When a company needs an asset, it can choose to lease or to buy it. In each case, there are costs involved, and each decision has relative advantages and disadvantages. Leasing or buying are not only two choices, since the company can also sometimes produce an asset. Choosing between leasing and buying is indeed similar to choosing between buying and making a certain product on one’s own. In both cases, the company is primarily interested in which case it will be better off. To understand whether leasing is better than buying or vice versa, the company has to consider “present value of after-tax costs” (WSU, n. d. ).
If the company buys an asset with a loan, it has to consider that taxes will be lower because interest will provide a tax shield. Alternatively, in case of an operating lease, the company will receive a tax shield in the form of tax exemption for lease payments, because these are treated as expenses. In any given nation, the attractiveness of the lease or buy decision will therefore depend on the taxation system. If lease payments are higher than interest on the loan, in countries with high taxes it may be better to lease than to buy.
Thus, in the US the firms have an incentive “to disguise the use of the asset as a lease rather than as an instalment purchase to be depreciated” (WSU, n. d. ). Although this is considered an accounting trick, some companies will want to do it to minimize their expenses and realize tax savings. This shows that leasing is preferable to many US companies. Similarly, in the buy vs. make decision, the accountant has to calculate all the costs including tax advantages or disadvantages of the decision. This decision will involve cash flows from the decision and the tax shield offered by various scenarios that include different expenses.
The decision to lease or buy can also depend on the industry and technical characteristics of the asset. For instance, in case of equipment that soon becomes obsolete, the lessee may not be interested in purchasing this equipment, preferring to lease it (Jones, 2000, p. 2). This may be one of the reasons why this option is becoming more common in commercial agriculture at this point (Jones, 2000, p. 1). This, too, can in some ways be similar to the buy vs. make decision, because the company will not probably want to start manufacturing a product or component that can soon become obsolete. The buy vs.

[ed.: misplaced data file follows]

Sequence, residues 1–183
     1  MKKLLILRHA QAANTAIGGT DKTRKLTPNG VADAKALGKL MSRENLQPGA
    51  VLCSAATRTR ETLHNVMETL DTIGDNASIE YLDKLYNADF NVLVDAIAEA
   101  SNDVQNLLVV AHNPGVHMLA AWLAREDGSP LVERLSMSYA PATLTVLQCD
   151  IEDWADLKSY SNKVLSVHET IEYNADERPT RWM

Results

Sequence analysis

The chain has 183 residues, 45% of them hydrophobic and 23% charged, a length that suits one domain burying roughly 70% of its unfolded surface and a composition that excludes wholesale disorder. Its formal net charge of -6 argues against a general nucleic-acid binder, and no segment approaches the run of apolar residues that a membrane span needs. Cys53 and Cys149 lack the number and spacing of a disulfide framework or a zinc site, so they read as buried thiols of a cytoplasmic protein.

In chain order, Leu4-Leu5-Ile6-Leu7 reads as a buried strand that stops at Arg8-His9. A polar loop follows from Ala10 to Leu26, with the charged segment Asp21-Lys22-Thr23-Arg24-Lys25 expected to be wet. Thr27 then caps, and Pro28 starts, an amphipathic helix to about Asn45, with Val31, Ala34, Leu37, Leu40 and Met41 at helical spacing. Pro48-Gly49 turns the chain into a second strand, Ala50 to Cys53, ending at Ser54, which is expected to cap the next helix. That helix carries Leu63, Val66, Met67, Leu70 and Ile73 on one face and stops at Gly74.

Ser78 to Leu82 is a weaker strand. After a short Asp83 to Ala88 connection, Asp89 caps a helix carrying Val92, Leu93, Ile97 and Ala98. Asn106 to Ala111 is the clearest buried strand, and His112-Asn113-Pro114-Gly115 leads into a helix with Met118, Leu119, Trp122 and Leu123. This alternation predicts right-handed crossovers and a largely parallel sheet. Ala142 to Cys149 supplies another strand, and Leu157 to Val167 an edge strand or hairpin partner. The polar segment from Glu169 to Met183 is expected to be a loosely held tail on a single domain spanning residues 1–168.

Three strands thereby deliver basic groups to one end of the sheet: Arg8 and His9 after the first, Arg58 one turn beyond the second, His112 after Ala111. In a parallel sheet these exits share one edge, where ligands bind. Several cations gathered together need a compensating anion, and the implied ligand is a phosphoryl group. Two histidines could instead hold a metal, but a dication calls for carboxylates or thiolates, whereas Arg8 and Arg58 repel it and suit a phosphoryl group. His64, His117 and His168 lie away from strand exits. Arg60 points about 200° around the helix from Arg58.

lease decision will also include the consideration of the possibility to build equity in the asset. When one owns a building in a dynamically developing neighborhood, it is to be expected that this building will appreciate in the short term. Alternatively, the building that is leased will appreciate, but the lessee does not get any benefits from this appreciation because one’s hold of the asset is only temporary. The whole appreciation then goes to the lessor who is the owner (Jones, 2000, p. 2). In buy vs. make decision, the managers do not have to consider appreciation normally because in any case they end in the possession of the asset.
Another difference in the two decisions, buy vs. lease and buy vs. make, is that the company considering a lease has to pay attention to the fact that the leased asset is only available for the term of the lease (Jones, 2000, p. 2). Unless it is specified in the terms of the lease, the company cannot retain the asset after the end of the lease term without the permission of the owner. In buy or make scenarios, the company will in any case retain the asset after it purchases or manufactures it. In conclusion, both lease and buy scenarios have their advantages.
In general, lease agreements offer greater flexibility and do not tie up company funds in long-term projects like a loan. Buying an asset offers stability and sure prospects for owning the asset in the future. The company can then decide between the two options based on its individual situation and industry environment. Works Cited Jones, Bruce L. (2000, April). Leasing As An Option. 3 February 2006 <http://cdp. wisc. edu/pdf/leasevbuy. pdf. >. Washington State University. (n. d. ). Session 4: Other Sources of Finance. 3 February 2006 <http://cbdd. wsu. edu/kewlcontent/cdoutput/TR505r/page33. htm>.